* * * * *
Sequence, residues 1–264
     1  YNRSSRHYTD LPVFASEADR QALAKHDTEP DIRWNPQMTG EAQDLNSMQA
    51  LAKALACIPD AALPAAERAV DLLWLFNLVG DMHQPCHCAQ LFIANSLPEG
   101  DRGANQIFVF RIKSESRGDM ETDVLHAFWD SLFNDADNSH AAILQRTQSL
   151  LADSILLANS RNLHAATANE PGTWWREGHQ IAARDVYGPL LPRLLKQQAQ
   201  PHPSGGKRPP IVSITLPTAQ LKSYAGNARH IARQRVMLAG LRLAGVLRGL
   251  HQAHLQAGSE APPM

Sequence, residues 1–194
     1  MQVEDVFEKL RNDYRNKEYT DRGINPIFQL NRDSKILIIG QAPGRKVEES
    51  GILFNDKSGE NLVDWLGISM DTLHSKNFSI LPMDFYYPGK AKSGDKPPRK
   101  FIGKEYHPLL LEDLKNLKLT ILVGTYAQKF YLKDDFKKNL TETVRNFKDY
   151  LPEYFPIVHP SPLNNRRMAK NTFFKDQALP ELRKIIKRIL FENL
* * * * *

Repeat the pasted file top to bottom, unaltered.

Sequence, residues 1–264
     1  YNRSSRHYTD LPVFASEADR QALAKHDTEP DIRWNPQMTG EAQDLNSMQA
    51  LAKALACIPD AALPAAERAV DLLWLFNLVG DMHQPCHCAQ LFIANSLPEG
   101  DRGANQIFVF RIKSESRGDM ETDVLHAFWD SLFNDADNSH AAILQRTQSL
   151  LADSILLANS RNLHAATANE PGTWWREGHQ IAARDVYGPL LPRLLKQQAQ
   201  PHPSGGKRPP IVSITLPTAQ LKSYAGNARH IARQRVMLAG LRLAGVLRGL
   251  HQAHLQAGSE APPM

Sequence, residues 1–194
     1  MQVEDVFEKL RNDYRNKEYT DRGINPIFQL NRDSKILIIG QAPGRKVEES
    51  GILFNDKSGE NLVDWLGISM DTLHSKNFSI LPMDFYYPGK AKSGDKPPRK
   101  FIGKEYHPLL LEDLKNLKLT ILVGTYAQKF YLKDDFKKNL TETVRNFKDY
   151  LPEYFPIVHP SPLNNRRMAK NTFFKDQALP ELRKIIKRIL FENL